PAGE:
Lot 104. A fine 'famille-rose' 'Peach' bowl, mark and period of Yongzheng (1723-1735); 14.5cm., 5 3/4 in. Estimate 400,000 — 500,000 GBP. Lot sold 725,600 GBP. Photo: Sotheby's 2007
the delicately potted deep rounded sides rising from a short straight foot to an everted rim, finely enamelled around the exterior with two iron-red bats in flight above leafy fruiting and blossoming peach boughs, each of the four large ripe fruit delicately shaded from pink to lime-green, the boughs with leaves in two tones of green enamel tinged with blue extending around and over the rim into the interior with two more large fruit and three soaring bats forming the wufu.
Provenance: Sotheby's Hong Kong, 14th November 1989, lot 315.
Collection of the Tsui Museum of Art, Hong Kong.
Christie's Hong Kong, 26th April 1999, lot 539, from the Jinguantang Collection.
Literature: The Tsui Museum of Art. Chinese Ceramics IV. Qing Dynasty, Hong Kong, 1995, pl. 155.
Note: This exquisite design of painted fruiting and flowering branches which rise from the foot and turn over the rim onto the inside, is peculiar to the Yongzheng period. The bowl is a masterpiece which involved the highest level of technical and artistic skills on the part of the artist who produced a piece of absolutely flawless quality. Bowls of this type appear to have been produced for only a short time and although a number of related examples are recorded, they are all individually rendered and the execution and layout of the design varies considerably from piece to piece. The present bowl is particularly delicate in its decorative concept and is perhaps most closely related in its painterly style to the famous Yongzheng vase from the Ogden collection sold in our Hong Kong rooms, 7th May 2002, lot 532. Both the vase and the present bowl have the subtle gradations of the shaded pink and pale green enamels to depict the skin of the peach, and the brilliance of the tones of translucent green and turquoise used for the long pointed leaves.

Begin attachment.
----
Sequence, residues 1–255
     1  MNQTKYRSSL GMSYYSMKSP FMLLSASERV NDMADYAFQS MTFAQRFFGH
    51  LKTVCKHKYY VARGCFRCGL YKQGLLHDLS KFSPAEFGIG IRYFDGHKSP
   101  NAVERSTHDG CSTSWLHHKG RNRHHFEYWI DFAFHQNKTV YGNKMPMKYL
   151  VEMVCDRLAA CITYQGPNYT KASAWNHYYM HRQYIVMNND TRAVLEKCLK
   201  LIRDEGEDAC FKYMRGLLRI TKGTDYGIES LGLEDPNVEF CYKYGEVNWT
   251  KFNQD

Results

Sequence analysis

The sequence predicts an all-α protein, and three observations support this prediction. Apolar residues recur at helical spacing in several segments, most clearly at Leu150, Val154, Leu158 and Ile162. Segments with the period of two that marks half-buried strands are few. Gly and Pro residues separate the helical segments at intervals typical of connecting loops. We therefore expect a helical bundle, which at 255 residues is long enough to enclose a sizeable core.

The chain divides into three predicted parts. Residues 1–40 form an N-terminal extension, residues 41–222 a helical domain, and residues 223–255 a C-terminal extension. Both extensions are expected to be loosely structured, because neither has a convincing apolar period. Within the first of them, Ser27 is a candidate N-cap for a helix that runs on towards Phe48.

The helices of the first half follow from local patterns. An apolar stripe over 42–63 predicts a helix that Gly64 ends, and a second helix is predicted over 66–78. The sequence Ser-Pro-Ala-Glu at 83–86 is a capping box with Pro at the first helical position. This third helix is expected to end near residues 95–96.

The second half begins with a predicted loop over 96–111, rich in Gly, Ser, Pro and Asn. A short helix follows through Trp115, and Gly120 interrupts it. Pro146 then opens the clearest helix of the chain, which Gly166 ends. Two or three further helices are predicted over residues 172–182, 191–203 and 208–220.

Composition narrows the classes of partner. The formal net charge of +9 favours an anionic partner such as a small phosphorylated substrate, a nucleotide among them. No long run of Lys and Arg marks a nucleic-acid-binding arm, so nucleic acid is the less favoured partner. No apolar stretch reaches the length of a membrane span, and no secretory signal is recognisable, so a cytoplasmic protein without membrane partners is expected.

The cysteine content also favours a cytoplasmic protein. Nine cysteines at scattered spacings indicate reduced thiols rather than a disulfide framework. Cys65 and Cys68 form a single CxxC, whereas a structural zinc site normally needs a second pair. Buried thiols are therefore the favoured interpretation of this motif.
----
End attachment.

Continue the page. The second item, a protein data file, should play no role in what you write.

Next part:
Famille-rose enamelled ‘Peach’ vase, Qing dynasty, Yongzheng mark and period. The Collections of Dr. Alice Cheng and Hon. Ogden R. Reid. Sotheby’s Hong Kong, 7th May 2002, lot 532. The Collection of Shanghai Museum.
For comparable examples see a pair of Yongzheng mark and period bowls illustrated in John Ayers, The Baur Collection, Geneva. Chinese Ceramics. vol. IV, Geneva, 1974, pl. A594 and pl. 595; another pair was included in the exhibition Chinese Ceramic Art, Bronze, Jade etc., Yamanaka & Co., London, 1938, cat.no. 116, pl. 12; a third pair, formerly in the Eisei Bunko, Tokyo, is now separated, one bowl being published in Sekai toji zenshu, vol. 12, Tokyo, col. pl. 11, its pair in Regina Krahl, Chinese Ceramics from the Meiyintang Collection, vol. II, London, 1994, pl. 960; and another companion piece to the present bowl, from the Moncrieff and Woodthorpe collections, sold in these rooms, 21st February 1961, lot 171, illustrated in The Tsui Museum of Art. Chinese Ceramics IV. Qing Dynasty, Hong Kong, 1995, pl. 154.
See also a related pair of Yongzheng bowls from the Mercher and Crawford collections, of more widely flared form and with three peaches inside and five outside, sold in our Hong Kong rooms, 24th May 1978, lot 252; and the Yongzheng bowl from the Edward T. Chow collection, with five fruits outside and none inside, illustrated in Cecile and Michel Beurdeley, La Ceramique Chinoise, Fribourg, 1974, col. pls. 86 and 87, and sold in our Hong Kong rooms, 25th November 1980, lot 169.
Apart from its very naturalistic depiction of the design, the 'peach and bats' decoration is also among the richest in its symbolism. The peach, one of the three fruits of the sanduo ‘Three Abundances’ together with the pomegranate and finger citron, has long been associated with Shoulao, the God of Longevity. It is also a fruit commonly found as one of the fruits of the Four Seasons, together with cherry, pomegranate and persimmon. The idea conveyed here is a blessing for long life which continues for many springs. Another component of the peach design is the flying bats, a pun on fu (bat) which is a homophone of fu (prosperity). The complete meaning of the peach design therefore conveys a wish of happiness for the Emperor who is to enjoy a long reign and remain forever youthful.
Sotheby's. Fine Chinese Ceramics & Works of Art, London, 16 May 2007